Choosing the Right Day Camp for Your Child
Day camps come in all shapes and sizes, appealing to a range of interests and ages. Here’s how to find a camp that invests in your youngster by creating an unforgettable experience where they’ll meet new friends, gain self-confidence and learn new skills—while giving you peace of mind.
Begin with basics. First, determine your schedule needs. Some camps are only a few hours a day while others are structured to work well with a working parent’s schedule. Figure out if you’ll need to arrange before or after care.
From there, seek a camp with a caring staff, fun programs, and a dedication to the safety of the campers. Bekah Myers, Director of Extended Day & Summer Camp Programs at The Dunham School, says, “It’s important to look for a day camp that interests and engages your child in a unique way. For example, our day camp is themed differently each week, offering a field trip and activities pertaining to the assigned theme. This makes camp both educational, fun, and fresh for our campers.”
Match the camp with your child’s interests. From computer coding to robotics and sports, day camps offer kids the opportunity to try all kinds of new activities. Cristina Benigno, Director of SJA’s Sizzling Summer Program, suggests, “For younger children, look for camps that will keep them busy throughout the day by offering different activities and experiences. For older children, look for camps that specialize in interests your child has.”
If your child isn’t interested in a camp that specializes in one activity, choose a more traditional camp that offers a wide range of activities throughout the session. It’s important to have a healthy balance between structure and choice.
Consider the culture. Ask for referrals from trusted family and friends. As a parent, you should always feel welcome to visit the camp while your child is attending. Ask the camp director about the visitor’s policy and follow it accordingly. Also, consider the child-to-staff ratio. Will your child feel lost in a group that’s too big, even if it meets state criteria?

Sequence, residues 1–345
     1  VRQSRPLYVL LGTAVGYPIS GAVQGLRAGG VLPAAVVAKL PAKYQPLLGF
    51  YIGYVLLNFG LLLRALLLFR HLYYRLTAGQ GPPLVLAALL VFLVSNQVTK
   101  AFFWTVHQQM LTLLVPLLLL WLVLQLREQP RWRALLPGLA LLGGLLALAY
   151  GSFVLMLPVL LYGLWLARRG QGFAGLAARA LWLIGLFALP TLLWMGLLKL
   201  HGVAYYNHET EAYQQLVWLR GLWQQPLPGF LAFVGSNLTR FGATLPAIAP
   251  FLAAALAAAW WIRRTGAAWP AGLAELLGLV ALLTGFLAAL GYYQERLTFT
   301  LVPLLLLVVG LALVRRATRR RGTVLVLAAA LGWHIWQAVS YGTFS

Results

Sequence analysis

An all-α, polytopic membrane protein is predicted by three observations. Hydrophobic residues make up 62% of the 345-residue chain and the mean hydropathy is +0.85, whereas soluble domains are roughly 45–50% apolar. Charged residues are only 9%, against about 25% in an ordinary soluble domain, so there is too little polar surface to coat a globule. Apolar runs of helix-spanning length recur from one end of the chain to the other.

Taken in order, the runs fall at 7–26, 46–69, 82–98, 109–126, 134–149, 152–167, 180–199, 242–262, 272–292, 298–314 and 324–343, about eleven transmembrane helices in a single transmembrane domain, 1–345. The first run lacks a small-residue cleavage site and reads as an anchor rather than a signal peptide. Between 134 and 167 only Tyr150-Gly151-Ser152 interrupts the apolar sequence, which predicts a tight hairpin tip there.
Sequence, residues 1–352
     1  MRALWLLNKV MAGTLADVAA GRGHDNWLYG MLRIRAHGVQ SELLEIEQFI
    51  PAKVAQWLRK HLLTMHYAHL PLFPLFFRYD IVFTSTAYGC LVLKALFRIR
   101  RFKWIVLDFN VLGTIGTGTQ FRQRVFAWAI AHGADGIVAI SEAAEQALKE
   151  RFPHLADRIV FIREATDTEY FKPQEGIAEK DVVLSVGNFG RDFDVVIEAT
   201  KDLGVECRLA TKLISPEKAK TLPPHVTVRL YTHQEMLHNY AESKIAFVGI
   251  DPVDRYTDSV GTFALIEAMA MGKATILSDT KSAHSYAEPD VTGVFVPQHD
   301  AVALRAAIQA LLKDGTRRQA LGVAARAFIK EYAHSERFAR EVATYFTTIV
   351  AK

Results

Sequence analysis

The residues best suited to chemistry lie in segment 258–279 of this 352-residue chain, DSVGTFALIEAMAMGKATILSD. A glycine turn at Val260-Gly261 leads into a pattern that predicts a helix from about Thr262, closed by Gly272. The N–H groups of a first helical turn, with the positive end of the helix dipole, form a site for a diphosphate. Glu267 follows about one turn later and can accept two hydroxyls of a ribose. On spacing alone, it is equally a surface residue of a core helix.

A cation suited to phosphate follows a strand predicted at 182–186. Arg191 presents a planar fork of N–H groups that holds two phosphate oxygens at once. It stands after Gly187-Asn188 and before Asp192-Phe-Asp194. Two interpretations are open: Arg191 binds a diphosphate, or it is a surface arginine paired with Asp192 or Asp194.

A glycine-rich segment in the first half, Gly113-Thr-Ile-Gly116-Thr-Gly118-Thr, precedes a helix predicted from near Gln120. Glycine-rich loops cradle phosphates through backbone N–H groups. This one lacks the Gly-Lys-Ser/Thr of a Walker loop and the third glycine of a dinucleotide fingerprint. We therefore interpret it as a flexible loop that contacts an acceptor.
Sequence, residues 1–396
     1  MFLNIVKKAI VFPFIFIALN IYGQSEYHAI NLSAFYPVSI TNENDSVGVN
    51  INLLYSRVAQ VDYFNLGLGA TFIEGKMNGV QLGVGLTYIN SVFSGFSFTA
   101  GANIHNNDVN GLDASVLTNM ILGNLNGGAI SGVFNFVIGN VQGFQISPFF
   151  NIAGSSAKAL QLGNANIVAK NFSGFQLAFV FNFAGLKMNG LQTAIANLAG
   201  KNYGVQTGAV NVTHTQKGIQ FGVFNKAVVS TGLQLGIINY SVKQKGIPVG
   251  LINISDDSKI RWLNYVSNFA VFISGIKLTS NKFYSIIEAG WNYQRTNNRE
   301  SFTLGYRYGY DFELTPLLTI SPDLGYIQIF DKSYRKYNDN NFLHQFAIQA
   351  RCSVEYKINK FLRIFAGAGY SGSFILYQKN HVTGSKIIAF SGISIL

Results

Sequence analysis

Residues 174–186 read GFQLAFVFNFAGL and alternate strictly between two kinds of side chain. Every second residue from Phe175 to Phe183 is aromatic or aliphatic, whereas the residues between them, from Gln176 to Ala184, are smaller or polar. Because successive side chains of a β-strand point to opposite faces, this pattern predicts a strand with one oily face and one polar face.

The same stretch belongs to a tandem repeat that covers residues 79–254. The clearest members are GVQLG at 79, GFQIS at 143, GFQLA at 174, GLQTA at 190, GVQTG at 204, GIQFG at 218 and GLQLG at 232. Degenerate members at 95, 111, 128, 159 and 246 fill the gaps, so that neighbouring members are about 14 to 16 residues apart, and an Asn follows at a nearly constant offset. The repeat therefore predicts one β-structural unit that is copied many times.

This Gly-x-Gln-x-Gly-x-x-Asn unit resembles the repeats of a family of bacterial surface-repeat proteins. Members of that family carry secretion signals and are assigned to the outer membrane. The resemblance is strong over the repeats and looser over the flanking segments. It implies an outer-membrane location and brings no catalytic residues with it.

Seek qualified and organized staff. Camp employees should be licensed, certified and trained in sexual/child abuse prevention, first aid, and CPR. Find out how camp leaders are supervised and how they plan for emergencies, including natural disasters, intruders and other possible threats.
Myers shares, “Campers’ safety is our highest priority. With that in mind, our screening process is formidable. Counselor applicants go through an extensive background check and fingerprint and drug testing, and personal references are contacted to confirm our staff is a fantastic fit for our campers. Following the screening, our camp counselors attend training prior to the start of camp. They continue to participate in training throughout the summer and receive weekly feedback from our supervisors.”
Try it before you buy it. Attend a camp expo or camp fair to find out what options exist in the area. Some organizations feature their own camp fairs and mini-camps during the spring for families to try.
Calm butterflies. Many youngsters have a hard time adjusting to new situations and new people and may feel scared or intimidated. Include them in the process of choosing a camp. “Contact the camp director and ask if she can provide a schedule of what the day will look like for your child. It would be helpful for your child to know what the day holds in store and can also help her get excited about what the camp has to offer,” Benigno says.
Allowing your newest camper to assist in helping pack her backpack and lunch the night before will help her get ready and feel more confident. “Depending on the age of the camper, she may also want to bring a special plush toy or blanket. Parents can also talk with their child about some of the activities they will be doing, and how all the adults at camp are there to make sure they are having fun. It’s also helpful for children to have a friend attending camp. Knowing they’ll see a familiar face, and finding that friend at camp, quickly smooths any first-day jitters,” Myers adds. ■